8 September, 2016 08:46

NOAA SHOUT Program Flies 2nd Mission Above Hurricane Hermine’s Rapid Intensification AUG 31- SEP 2

NOAA SHOUT Program Flies 2nd Mission Above Hurricane Hermine’s Rapid Intensification AUG 31- SEP 2

87 dropsones launched during 22.8 hour flight with 100% success rate to nearly match 90-sonde deployment record set during first flight on AUG 29-30

The NOAA SHOUT program launched its second NASA Global Hawk mission into Hermine during the Rapid Intensification from tropical storm to hurricane status. This flight followed SHOUT’s first Global Hawk flight on 29-30 August, providing real time data to the National Hurricane Center that played a role in upgrading then Tropical Depression #9 to named Tropical Storm Hermine. Nearly matching the record of 90 dropsondes deployed on the first flight, 87 dropsondes were deployed into Hermine during the second flight, including sonde deployments off the U.S. East Coast during return to base to aid in uncertain forecast track up the East Coast on Labor Day weekend.

Sonde deployments from the NCAR- EOL minisonde Airborne Vertical Atmospheric Profiling System (AVAPS) demonstrated extreme robustness with a 100% success rate over 48 flight hours with no failures. The Global Hawk dropsondes augmented the Stepped Frequency Microwave Radiometer (SFMR) surface wind and Tail Doppler Radar (TDR) observations obtained by the accompanying NOAA WP-3D flight mapping the three dimensional structure of the storm over the entire Eastern Gulf and from 60,000 ft to the surface. Similarly, the SHOUT Global Hawk Hurricane Imaging Wind and Rain Atmospheric Profiler (HIWRAP) downward looking Doppler radar provided many profiles of precipitation structure (and Doppler wind profiles) as shown which complements the WP-3D TDR wind and rain mapping capability by extending the TDR range of coverage to a larger area and greater depth in the atmosphere. TDR data is ingested by NOAA NCEP prediction models in real time, while HIWRAP is still in a post-flight demonstration mode.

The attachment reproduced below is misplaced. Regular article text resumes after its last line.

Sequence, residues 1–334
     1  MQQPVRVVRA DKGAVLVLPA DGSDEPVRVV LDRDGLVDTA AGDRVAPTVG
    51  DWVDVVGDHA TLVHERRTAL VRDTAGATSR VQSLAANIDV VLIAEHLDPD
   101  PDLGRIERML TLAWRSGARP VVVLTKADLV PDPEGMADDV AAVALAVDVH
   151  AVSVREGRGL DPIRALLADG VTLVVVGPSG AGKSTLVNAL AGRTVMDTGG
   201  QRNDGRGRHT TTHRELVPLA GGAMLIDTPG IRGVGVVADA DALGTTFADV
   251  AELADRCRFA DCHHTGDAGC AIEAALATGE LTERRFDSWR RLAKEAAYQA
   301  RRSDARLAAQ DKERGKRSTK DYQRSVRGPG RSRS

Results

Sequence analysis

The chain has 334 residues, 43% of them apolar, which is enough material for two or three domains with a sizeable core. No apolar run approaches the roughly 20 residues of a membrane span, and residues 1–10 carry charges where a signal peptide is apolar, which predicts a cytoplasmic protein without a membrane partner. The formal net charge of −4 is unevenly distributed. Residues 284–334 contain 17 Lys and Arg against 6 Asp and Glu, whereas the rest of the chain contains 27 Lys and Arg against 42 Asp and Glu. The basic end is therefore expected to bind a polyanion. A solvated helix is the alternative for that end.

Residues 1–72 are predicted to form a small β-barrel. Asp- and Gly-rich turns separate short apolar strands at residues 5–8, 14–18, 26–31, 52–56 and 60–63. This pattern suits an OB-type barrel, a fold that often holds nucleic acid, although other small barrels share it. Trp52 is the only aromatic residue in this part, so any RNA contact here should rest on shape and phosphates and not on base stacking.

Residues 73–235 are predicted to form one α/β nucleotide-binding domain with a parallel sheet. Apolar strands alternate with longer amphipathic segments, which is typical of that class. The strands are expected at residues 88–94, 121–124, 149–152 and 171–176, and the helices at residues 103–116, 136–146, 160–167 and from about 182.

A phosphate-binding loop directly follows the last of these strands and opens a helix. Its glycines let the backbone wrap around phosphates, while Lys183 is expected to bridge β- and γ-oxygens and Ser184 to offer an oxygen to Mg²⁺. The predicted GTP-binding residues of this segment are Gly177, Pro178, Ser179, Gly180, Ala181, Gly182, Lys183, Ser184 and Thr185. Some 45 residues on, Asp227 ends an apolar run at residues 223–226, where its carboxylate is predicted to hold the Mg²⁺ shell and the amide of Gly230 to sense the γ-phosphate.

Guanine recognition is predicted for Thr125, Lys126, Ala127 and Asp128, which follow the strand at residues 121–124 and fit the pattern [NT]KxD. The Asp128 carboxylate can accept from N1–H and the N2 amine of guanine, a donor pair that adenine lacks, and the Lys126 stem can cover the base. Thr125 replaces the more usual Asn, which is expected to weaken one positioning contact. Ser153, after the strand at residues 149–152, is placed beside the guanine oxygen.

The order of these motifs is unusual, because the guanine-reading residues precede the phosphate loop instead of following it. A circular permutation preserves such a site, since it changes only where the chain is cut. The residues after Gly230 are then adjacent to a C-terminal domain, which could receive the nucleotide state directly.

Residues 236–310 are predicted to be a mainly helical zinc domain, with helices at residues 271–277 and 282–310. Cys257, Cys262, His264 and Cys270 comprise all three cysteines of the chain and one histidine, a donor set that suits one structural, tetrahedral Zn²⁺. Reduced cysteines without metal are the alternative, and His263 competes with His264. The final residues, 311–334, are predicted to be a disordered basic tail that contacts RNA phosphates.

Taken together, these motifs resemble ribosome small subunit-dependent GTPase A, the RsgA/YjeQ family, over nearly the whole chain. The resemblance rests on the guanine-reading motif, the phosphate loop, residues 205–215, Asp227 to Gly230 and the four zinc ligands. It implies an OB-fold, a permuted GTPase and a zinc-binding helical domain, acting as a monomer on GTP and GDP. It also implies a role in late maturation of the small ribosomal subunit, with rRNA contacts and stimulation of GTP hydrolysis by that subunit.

These observations proved crucial for wind, rain and surge warnings along the Gulf Coast and inland over the southeast U.S. as Hermine rapidly intensified and made landfall as the Global Hawk and WP-3D returned to their respective bases at NASA Wallops Flight Center, Virginia and MacDill AFB in Tampa, FL.

New England Cable News meteorologist, Michael Page, covers ​​NOAA and NASA’s Global Hawk flights over Hurricanes GASTON and HERMINE including an interview from NOAA UAS Program Director, Robbie Hood.

The full story can be found at: http://www.necn.com/news/new-england/Drones-Fly-Into-Hurricane-Hermine-to-Improve-Forecast-392082511.html.

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